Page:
Sgt. Dan Rose and David Letterman

SONOMA, Calif. — Graham Rahal wanted to meet the guy in a wheelchair.

U.S. Army Sgt. Dan Rose couldn’t help but be surprised as Rahal approached during a vineyard party the night before the 2016 Verizon IndyCar Series season finale, the GoPro Grand Prix of Sonoma.

The Rahal Letterman Lanigan Racing driver had anticipated the moment they would meet, how they could enjoy sharing some stories and become friends. It was an imperative for Rahal, one of the most patriotic Americans you will ever meet, to thank the paralyzed veteran for his service and sacrifice.

But it was more than that. Rose isn’t just that guy in a wheelchair. The 31-year-old serviceman from Denver is an inspiration to many, including Rahal. That guy in a wheelchair can use an exoskeleton to walk, and his list of interests includes downhill skiing.

“Graham walked up and was saying how he had heard so much about me and looked forward to meeting me,” Rose said. “It was like he sought me out. He actually came over to talk to me. I couldn’t believe it. It was awesome. He was super cool.”

A few hours before they met, Rahal had said in anticipation, “It’s pretty powerful to have Dan here.” The driver whose sponsors once included the Army National Guard is never shy about love of country and those who serve.

“I don’t know why, but I’ve always been an overly patriotic person,” Rahal said. “I think a lot of us are proud to be Americans, but even back when I was a kid, people were always like, ‘Man, you’re kind of obnoxious about that.’

“I have a lot of appreciation for what they do and what they have done. I can almost guarantee you that if I didn’t do what I’m doing now, I probably would have gone into the military of some sort. Racing was always my love, but as a kid, I wanted to be a fighter pilot more than almost anything else.”

Rahal wasn’t the only one to rub elbows with Rose. Bobby Rahal and David Letterman soon joined the conversation. Rose soon learned that Letterman sure is funny, and what a quick wit.

“It was just like a normal conversation,” Rose said. “Too cool.”

The memorable weekend continued Sunday for Rose, who mingled with other drivers and celebrities including NBA star Steph Curry before the race. Rose received the royal treatment as part of a joint venture involving Soldier Strong, United Rentals and Turns4Troops. They’ve teamed to provide him with an exoskeleton designed by Ekso Bionics in nearby Richmond, Calif. Five years after an improvised explosive device (IED) had deprived him of the use of his legs in Afghanistan, the exoskeleton accomplished what once seemed impossible by giving back some function. He used the exoskeleton to stand on the grid before the race with the Rahal team (and is shown above with team co-owner Letterman).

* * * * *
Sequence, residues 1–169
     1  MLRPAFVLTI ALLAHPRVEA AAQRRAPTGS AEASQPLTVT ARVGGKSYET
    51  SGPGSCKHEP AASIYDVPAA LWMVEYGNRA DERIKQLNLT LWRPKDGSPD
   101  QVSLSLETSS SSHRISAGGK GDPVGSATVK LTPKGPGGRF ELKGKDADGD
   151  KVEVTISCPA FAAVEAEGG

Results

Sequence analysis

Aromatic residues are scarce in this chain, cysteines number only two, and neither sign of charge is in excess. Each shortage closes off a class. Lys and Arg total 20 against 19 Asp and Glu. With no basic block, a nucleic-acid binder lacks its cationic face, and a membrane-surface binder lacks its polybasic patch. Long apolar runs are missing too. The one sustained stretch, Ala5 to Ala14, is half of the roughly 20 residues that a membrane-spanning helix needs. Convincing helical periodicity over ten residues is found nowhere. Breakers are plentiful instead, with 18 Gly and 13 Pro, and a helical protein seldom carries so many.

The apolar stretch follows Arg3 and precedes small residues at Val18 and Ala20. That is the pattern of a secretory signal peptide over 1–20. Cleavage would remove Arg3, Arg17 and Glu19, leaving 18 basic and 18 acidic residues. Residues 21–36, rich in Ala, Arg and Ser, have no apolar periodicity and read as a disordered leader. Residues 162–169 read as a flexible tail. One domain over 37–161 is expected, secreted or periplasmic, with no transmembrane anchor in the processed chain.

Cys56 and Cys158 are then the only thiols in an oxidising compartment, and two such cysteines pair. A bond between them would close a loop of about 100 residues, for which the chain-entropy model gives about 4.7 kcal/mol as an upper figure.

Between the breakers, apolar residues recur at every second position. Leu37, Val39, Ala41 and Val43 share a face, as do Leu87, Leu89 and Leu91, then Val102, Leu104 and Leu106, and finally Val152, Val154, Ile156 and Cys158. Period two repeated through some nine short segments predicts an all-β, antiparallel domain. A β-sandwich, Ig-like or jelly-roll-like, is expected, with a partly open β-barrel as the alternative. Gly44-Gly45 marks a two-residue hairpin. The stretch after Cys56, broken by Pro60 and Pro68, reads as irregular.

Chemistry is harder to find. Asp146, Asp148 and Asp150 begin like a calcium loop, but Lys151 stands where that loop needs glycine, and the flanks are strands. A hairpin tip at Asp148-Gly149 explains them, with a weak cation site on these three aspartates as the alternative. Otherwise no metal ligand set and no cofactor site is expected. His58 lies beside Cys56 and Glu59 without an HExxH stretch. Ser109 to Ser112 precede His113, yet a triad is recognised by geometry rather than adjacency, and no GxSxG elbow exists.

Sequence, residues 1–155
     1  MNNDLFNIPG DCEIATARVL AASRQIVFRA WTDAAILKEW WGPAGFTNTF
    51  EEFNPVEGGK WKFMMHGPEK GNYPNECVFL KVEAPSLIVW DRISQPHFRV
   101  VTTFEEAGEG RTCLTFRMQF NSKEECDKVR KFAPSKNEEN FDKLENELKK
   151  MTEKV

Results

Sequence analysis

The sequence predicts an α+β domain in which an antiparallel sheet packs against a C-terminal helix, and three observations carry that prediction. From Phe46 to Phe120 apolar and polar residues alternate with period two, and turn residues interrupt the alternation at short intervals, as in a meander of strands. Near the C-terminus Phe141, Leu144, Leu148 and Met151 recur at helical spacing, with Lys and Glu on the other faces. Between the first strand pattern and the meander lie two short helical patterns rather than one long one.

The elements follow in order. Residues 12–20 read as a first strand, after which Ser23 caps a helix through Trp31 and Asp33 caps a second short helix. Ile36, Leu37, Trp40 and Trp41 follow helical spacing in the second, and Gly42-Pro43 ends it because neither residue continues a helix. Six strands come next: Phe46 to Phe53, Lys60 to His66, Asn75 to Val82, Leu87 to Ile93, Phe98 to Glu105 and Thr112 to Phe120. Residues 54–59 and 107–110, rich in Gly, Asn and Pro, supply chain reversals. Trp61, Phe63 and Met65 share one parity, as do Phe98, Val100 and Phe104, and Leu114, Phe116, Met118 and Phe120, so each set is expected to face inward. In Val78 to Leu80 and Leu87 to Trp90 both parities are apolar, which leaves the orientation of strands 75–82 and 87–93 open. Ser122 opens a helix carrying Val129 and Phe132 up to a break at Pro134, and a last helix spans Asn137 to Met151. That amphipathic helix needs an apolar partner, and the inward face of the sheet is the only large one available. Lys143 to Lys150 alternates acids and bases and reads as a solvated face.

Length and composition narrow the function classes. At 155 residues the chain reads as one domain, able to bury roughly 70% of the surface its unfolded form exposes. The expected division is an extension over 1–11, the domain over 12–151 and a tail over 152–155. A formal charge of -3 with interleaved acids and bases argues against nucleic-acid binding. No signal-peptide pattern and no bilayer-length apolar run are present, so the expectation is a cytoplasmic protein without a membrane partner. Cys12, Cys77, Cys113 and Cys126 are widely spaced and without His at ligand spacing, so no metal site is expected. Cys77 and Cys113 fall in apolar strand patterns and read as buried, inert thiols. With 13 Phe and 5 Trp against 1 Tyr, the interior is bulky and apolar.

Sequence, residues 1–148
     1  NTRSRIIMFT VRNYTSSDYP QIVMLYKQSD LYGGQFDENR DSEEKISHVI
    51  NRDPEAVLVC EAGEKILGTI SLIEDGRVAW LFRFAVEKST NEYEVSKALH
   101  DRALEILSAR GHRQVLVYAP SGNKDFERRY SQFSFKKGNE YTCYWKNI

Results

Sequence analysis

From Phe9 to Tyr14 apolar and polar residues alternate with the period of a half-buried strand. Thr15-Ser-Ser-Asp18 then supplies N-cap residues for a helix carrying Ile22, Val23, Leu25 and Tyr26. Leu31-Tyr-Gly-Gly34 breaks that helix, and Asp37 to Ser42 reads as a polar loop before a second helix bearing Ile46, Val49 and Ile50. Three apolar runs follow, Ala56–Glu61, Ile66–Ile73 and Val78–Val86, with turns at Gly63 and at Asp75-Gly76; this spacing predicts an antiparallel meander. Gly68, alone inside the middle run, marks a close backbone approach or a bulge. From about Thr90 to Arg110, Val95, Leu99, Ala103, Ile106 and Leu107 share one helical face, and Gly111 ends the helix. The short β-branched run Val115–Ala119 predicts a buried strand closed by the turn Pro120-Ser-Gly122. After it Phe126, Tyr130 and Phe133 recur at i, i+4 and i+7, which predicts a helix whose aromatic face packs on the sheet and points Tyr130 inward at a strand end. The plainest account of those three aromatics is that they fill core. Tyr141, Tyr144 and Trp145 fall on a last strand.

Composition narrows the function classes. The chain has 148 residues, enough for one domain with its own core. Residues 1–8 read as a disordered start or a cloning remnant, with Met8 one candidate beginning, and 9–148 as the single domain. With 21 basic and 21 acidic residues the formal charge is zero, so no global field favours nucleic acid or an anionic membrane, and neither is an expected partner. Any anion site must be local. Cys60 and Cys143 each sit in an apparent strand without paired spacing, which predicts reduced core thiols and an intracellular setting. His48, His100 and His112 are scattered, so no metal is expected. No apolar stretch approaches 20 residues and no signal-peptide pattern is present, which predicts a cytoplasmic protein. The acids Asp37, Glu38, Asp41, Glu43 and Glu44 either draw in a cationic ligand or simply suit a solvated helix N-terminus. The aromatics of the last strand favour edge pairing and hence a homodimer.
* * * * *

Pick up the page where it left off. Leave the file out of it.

“It’s not so much for mobility. I’m not going to wear it to go to a store,” Rose said. “It’s more for the health benefits of walking, increased range of motion, bone density, not to mention the psychological benefit, which is immeasurable.

“The first time I stood up, I’m only 5-7 but I felt like I was standing on top of a mountain looking out.”

In addition to downhill skiing, Rose’s can-do attitude applies to wheelchair racing, sled hockey, wheelchair basketball, hand cycling and mountain biking. One of his more recent interests has been riding a longboard skateboard from his chair.

“No matter what you’re faced with in life, there’s always a way out, you can always better your circumstance,” Rose said. “There’s always hope. As dark as it is, there’s always that light at the end.”

When rolling through the Sonoma Raceway garage area Sunday morning, Rose’s head snapped around at the thunderous, ground-shaking sound of a team firing a race engine.

“Like the little boy in everybody, I start smiling,” Rose said. “I want that job, to just sit there and throttle that car.”

Maybe Rahal can hook him up. His patriotism knows no bounds.

“It doesn’t matter what branch of service it is, it’s something that’s very important,” Rahal said. “It’s something that needs to be appreciated and respected. I was thinking about this the other day, how grateful all of us should be. If you live in Indy, hey, you can go to Cafe Patachou for breakfast or you can have St. Elmo’s for dinner and hang out. You can do that without the fear of a bomb dropping on your head, without the fear of a guy driving by with a car full of explosives. This country is a great place that provides us a lifestyle.”

He mentions how he was recently watching the movie “13 Hours: The Secret Soldiers of Benghazi,” then the “60 Minutes” story on some of the American soldiers who were in Libya when Islamic militants attacked an American diplomatic compound in 2012.

“One of the things they talked about is in that country, you can’t tell a good guy from a bad guy, you can’t tell if you’re going to run into a roadside explosive device,” Rahal said. “You don’t know the difference between life and death because you can’t see it coming.

“Here, we have the freedoms to do these things and we get to come to racetracks and have fun and race cars for a living. It comes down to something as simple as just going out to dinner with friends. That’s something in a lot of countries, in a lot of places, you can’t necessarily do that without fear. Why we have that is because of the military. If those men and women don’t go out there and keep that away from us, we wouldn’t have the lifestyle that we do.”